Deborah Allen was born in 1953 in Memphis, and probably has had greater success as a songwriter, having written hits for artists including Tanya Tucker, Sheena Easton and Janie Fricke. As a performer, RCA had the bright idea of dubbing her voice onto old Jim Reeves recordings to create duets. The three duets released as singles – “Don’t Let Me Cross Over,” “Oh, How I Miss You Tonight” and “Take Me In Your Arms And Hold Me” – all went Top 10 in 1979-80. As a solo artist, Allen charted 10 times with three Top 10 singles: “Baby I Lied” (1983–#4), “I’ve Been Wrong Before” (1984–#2) and “I Hurt For You” (1984–#10).

Baillie and The Boys were a late 80s act which charted 10 times between 1987 and 1991 before disappearing from the charts. Seven of their hit records went Top 10, with “(I Wish I Had A) Heart of Stone” (1989–#4) being the biggest. Kathie Baillie was the lead singer, and while initially a trio, the group became a duo in 1988 with few people able to tell the difference.

Debby Boone is one of two answers to a trivia question – name the two families that have had a #1 pop record in each of three consecutive generations. One answer is obvious – the Nelson family – big band leader Ozzie Nelson (“And Then Some”, 1935), Rick Nelson (“Poor Little Fool”, 1958 and “Traveling Man”, 1960) and Rick’s sons Gunnar and Matthew Nelson (recording, under the name Nelson, “Love and Affection”, 1990).
The Nelson family answer works top down and bottom up as the members of the chain are all blood relatives. In the case of Debby Boone’s family, it only works top down. Debby (“You Light Up My Life“, 1977), father Pat Boone (seven #1s from 1955-1961 including “Love Letters In The Sand“) and grandfather Red Foley – no blood relation to Pat Boone but a blood relation of Debby’s (“Chattanooga Shoeshine Boy”, 1950).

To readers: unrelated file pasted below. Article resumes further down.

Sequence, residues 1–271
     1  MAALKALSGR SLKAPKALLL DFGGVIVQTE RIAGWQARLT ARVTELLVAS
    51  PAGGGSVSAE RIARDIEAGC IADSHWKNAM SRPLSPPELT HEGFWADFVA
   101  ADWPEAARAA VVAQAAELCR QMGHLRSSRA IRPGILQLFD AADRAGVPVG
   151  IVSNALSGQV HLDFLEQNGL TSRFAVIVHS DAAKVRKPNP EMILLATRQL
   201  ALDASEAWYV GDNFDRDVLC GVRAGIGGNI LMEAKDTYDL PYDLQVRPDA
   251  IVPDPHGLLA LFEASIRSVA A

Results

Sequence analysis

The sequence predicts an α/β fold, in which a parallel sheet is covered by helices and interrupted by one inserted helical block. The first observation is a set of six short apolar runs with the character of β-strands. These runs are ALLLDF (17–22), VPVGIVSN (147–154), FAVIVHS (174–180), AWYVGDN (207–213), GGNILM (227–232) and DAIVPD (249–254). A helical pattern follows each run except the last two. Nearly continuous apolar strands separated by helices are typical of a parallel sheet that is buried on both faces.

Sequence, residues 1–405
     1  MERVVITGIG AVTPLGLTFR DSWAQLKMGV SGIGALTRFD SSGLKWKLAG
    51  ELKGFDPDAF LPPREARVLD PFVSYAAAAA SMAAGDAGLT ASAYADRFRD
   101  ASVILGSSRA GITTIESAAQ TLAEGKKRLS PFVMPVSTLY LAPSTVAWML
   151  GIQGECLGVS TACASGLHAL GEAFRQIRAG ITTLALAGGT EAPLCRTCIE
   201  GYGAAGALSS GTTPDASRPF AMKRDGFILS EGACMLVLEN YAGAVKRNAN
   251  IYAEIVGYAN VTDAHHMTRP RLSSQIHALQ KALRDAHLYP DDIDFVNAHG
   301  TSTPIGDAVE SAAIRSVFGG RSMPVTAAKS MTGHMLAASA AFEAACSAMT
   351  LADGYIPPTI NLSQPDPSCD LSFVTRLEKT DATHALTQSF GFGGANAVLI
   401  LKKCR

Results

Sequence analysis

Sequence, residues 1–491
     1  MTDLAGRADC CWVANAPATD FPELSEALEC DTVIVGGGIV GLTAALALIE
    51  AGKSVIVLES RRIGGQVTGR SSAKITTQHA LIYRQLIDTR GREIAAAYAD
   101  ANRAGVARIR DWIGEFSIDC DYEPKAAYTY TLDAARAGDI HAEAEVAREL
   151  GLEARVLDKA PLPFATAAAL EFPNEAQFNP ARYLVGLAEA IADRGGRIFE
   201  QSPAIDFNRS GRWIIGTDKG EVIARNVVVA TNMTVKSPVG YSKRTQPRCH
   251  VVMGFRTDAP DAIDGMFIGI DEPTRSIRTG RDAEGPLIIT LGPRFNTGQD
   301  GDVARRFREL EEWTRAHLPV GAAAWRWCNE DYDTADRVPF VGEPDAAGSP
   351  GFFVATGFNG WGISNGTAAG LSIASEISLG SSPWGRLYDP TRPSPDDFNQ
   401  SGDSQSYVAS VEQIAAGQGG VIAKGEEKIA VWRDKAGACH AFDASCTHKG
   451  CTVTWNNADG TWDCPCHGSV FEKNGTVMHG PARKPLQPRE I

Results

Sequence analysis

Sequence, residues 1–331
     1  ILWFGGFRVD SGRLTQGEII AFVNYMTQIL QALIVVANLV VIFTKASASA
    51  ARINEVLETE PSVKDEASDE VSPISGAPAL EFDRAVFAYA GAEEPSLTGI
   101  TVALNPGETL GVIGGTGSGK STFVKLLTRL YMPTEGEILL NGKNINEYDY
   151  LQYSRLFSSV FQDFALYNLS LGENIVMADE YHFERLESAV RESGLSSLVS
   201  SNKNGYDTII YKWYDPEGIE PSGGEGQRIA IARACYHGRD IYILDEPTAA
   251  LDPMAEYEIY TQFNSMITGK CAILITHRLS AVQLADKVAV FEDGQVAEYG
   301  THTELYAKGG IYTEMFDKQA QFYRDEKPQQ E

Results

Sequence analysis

Debby Boone may be a direct direct descendant of the American pioneer Daniel Boone. She is distantly related to two stars of American television, Richard Boone (Have Gun, Will Travel, Hec Ramsey) and Randy Boone, (The Virginian and Cimarron Strip).

Enough with the trivia – Debby charted on the country charts thirteen times from 1977-1981 although most of those were pop records that happened to chart country. Starting in 1979 Debby started consciously recording for country markets. “My Heart Has A Mind Of Its Own” reached #11 in early 1979. The next three records did relatively nothing but the first single issued in 1980 “Are You On The Road To Loving Me Again” finally made it to the top. She would chart four more singles before turning to gospel/Christian music.

Larry Boone is best known as a songwriter, having cuts by Kathy Mattea, Don Williams, Tracy Lawrence, Rick Trevino, George Strait, Shenandoah, Marie Osmond and Lonestar. As a singer, he wasn’t terribly distinctive – sort of a George Strait-lite.  Boone charted 14 singles from 1986-93, with only 1988’s “Don’t Give Candy To A Stranger” reaching the Top 10. The other Top 20 singles were “I Just Called To Say Goodbye Again” and a remake of “Wine Me Up” – both of which reached their peak chart positions in 1989.

Dean Dillon charted 20 times from 1979-93, with his biggest hit being “Nobody In His Right Mind (Would’ve Left Her)” which reached #25 in November, 1980. During 1982 and 83, RCA paired Dillon with fading star Gary Stewart, hoping for the kind of magic that was later achieved when Kix Brooks and Ronnie Dunn were paired together. No real hits came of this collaboration, but the recordings were quite interesting and are available on CD.

Fortunately for Dillon, he is a far better songwriter than singer. His hits as a writer include George Jones’ “Tennessee Whiskey,” and more than a dozen George Strait Top 10s. In fact, Strait has recorded over 50 of Dillon’s songs, ensuring that the wolf will never again knock at Dean Dillon’s door.